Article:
A month ago, Shaul Mofaz, the then newly-elected leader of Israel’s Kadima party said, “I intend to replace Netanyahu,” and insisted, “I will not join his government.” Some time between then and now, he changed his mind.
The New York Times reports: The chairman of the opposition in the Israeli Parliament agreed early Tuesday morning to join the government of Prime Minister Benjamin Netanyahu, a surprise move that staves off early elections and creates a new unity coalition with a huge legislative majority, according to a spokesman for the chairman.
The spokesman, Yuval Harel, said that Shaul Mofaz, the newly elected head of the centrist Kadima Party, would become a special minister in Mr. Netanyahu’s cabinet “in charge of the process with the Palestinians.” Two other conditions of the agreement, which Mr. Harel said would be announced at a 10:30 a.m. news conference on Tuesday, were that the Parliament would pass legislation to require national or military service of all Israeli citizens, including ultra-Orthodox Jews, and to overhaul the electoral process itself. The agreement is scheduled to run until late next year.
Mr. Harel said that Mr. Mofaz, a former defense minister and military chief who ousted Tzipi Livni in last month’s Kadima primary, met with Mr. Netanyahu “at midnight at the prime minister’s home in Jerusalem and they signed a contract.”
“It was at the initiation of both sides,” Mr. Harel added. “This is the best way to get influence.”
Mr. Netanyahu had said in a speech to the convention of his right-leaning Likud Party on Sunday night that he wanted early elections to avoid the instability of a campaign season stretching more than a year. With his coalition divided over how to replace a law expiring Aug. 1 that exempted many religious Jews from military service, it seemed that the current government had decided to disband. Elections were scheduled for Sept. 4 rather than when the government’s term expires, in October 2013.
The deal, which was first reported online by The Jerusalem Post, came after the Israeli Parliament took the first steps Monday to dissolve itself. “Moments before the dissolution of the Knesset, a hasty meeting to establish a national unity government,” Carmel Shama-Cohen, a Likud member of Parliament, wrote on his Facebook wall.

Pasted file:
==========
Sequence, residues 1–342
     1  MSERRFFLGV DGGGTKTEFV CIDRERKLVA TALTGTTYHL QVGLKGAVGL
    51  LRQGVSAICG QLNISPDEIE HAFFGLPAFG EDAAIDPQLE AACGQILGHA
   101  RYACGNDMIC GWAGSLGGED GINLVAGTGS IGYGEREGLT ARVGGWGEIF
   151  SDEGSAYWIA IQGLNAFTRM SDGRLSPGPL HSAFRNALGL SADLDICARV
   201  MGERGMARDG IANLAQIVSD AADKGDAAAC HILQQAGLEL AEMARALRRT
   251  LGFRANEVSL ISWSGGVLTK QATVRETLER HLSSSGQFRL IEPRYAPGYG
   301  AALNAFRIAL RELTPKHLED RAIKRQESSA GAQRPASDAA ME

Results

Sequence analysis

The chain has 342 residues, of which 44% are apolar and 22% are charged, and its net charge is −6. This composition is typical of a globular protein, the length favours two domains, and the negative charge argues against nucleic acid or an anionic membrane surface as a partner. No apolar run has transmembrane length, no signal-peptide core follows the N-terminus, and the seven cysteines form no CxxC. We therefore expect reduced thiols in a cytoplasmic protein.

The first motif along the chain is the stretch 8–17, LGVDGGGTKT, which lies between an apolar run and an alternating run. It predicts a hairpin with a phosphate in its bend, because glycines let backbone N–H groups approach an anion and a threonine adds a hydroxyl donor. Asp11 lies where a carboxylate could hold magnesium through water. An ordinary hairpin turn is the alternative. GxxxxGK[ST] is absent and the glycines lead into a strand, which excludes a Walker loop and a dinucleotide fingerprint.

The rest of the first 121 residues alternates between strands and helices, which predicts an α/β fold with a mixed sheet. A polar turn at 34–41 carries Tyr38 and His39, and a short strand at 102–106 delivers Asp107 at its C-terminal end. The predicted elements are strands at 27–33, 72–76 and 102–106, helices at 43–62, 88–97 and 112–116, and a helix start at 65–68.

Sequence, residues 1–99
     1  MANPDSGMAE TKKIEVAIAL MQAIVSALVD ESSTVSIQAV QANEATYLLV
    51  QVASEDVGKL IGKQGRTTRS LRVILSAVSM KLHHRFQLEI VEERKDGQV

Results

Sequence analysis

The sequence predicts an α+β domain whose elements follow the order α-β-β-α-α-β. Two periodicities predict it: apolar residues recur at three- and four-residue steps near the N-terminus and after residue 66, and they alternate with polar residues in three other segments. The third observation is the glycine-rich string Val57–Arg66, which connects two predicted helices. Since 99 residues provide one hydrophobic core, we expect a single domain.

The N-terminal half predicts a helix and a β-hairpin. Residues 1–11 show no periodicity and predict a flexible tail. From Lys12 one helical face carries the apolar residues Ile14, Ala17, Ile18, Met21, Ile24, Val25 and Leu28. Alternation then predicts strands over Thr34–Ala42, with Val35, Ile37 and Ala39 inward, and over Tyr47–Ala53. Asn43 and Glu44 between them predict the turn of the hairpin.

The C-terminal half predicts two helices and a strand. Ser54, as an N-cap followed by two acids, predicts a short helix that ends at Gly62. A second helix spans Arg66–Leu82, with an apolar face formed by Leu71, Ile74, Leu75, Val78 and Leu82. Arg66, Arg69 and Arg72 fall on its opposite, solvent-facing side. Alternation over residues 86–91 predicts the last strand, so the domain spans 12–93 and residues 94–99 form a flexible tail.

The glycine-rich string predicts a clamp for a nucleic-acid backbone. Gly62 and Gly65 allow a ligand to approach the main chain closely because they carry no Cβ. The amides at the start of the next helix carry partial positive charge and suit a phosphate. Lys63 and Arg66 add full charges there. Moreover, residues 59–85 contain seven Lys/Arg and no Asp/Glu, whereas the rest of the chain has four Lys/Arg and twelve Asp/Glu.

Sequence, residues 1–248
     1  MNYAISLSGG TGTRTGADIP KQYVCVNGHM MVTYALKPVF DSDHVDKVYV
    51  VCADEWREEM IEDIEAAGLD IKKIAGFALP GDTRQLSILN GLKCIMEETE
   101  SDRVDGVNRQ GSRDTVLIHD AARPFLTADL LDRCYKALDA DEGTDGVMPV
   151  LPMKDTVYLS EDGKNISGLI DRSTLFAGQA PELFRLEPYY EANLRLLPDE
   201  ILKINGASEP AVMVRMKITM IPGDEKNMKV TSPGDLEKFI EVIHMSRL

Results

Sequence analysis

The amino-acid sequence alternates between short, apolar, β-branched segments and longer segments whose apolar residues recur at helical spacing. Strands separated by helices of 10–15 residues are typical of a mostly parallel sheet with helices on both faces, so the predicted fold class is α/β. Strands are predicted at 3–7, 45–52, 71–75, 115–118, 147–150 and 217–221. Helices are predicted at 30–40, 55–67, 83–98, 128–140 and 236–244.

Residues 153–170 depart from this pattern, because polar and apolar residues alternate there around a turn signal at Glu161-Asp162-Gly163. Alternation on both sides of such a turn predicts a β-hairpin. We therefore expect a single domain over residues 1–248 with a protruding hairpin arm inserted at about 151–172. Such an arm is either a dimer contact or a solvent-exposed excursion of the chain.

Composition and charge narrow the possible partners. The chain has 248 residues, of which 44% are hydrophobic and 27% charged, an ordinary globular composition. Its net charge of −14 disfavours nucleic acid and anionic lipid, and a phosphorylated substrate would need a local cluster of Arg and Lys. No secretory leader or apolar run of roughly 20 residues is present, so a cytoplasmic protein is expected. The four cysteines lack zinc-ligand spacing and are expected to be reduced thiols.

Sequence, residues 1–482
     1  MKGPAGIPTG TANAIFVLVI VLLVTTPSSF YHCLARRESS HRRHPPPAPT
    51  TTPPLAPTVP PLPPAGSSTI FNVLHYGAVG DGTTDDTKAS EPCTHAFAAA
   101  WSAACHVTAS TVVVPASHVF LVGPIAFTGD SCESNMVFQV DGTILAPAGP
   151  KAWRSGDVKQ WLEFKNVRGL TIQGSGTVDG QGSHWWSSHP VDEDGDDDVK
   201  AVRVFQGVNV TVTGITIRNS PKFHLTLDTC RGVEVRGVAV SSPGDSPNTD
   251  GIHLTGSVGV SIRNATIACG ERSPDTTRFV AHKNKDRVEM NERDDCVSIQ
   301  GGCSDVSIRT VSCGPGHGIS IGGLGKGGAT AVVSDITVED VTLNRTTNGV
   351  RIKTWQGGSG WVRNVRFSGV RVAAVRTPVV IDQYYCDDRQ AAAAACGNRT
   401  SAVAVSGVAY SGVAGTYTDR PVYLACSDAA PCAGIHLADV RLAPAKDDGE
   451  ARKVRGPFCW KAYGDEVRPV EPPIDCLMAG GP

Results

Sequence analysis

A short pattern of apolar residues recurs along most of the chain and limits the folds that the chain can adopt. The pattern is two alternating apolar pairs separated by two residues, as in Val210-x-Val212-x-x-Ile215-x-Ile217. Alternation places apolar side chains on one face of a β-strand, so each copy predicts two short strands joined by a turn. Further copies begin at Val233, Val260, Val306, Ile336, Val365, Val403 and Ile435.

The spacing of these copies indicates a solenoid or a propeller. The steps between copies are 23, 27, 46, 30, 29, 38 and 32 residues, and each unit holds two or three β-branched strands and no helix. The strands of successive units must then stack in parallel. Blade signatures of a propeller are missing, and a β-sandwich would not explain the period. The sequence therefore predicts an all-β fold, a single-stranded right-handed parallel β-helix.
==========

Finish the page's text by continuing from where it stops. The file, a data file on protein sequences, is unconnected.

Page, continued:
With Kadima’s 28 seats in Parliament, Mr. Netanyahu will have a government that includes 96 of the 120 lawmakers, covering a broad section of the political spectrum.
A spokesman for the prime minister’s office said he could not confirm the online reports of the deal. But Mr. Harel said that Mr. Mofaz met in the early hours with the members of his faction and that they had all approved it, though the chairman is the only Kadima member who will get a minister’s portfolio and join in Mr. Netanyahu’s closed cabinet forums.
If taking over a peace process that has been hopelessly stalled seems a dubious prize, Mr. Harel said it would soon be proven otherwise. “That’s part of the deal,” he said. “To turn on the process.”
Larry Derfner writes: Why does a national leader decide to scrap new elections that he and everyone else knows he’s going to win by a landslide, which is what Bibi did last night? Because he’s got important work to do and he wants what’s called “industrial peace” – or, as Netanyahu himself put it, “stability.” Our national leader wants to bomb Iran’s nuclear facilities and he’s waiting for the right opportunity to do so – when the Obama administration is hard put to stop him, meaning sometime between now and the November 2 U.S. presidential elections. Starting such a war is going to require every gram of attention and effort Bibi can call forth, and he doesn’t want the pressure of elections and forming a new government as (huge) distractions, which he would have had from now into October if he’d gone ahead with elections in September. Now, without those elections and with an absolutely unshakable coalition, he can give his full concentration to saving Israel from annihilation, as he sees it.